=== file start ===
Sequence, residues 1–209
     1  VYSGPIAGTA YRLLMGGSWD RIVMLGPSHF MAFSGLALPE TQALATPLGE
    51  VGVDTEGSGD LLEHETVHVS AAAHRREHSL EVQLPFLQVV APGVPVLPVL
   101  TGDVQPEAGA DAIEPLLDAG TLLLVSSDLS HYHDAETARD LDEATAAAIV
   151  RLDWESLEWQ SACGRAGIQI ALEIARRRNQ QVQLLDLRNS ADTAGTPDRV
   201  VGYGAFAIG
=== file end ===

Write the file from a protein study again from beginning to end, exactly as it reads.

Sequence, residues 1–209
     1  VYSGPIAGTA YRLLMGGSWD RIVMLGPSHF MAFSGLALPE TQALATPLGE
    51  VGVDTEGSGD LLEHETVHVS AAAHRREHSL EVQLPFLQVV APGVPVLPVL
   101  TGDVQPEAGA DAIEPLLDAG TLLLVSSDLS HYHDAETARD LDEATAAAIV
   151  RLDWESLEWQ SACGRAGIQI ALEIARRRNQ QVQLLDLRNS ADTAGTPDRV
   201  VGYGAFAIG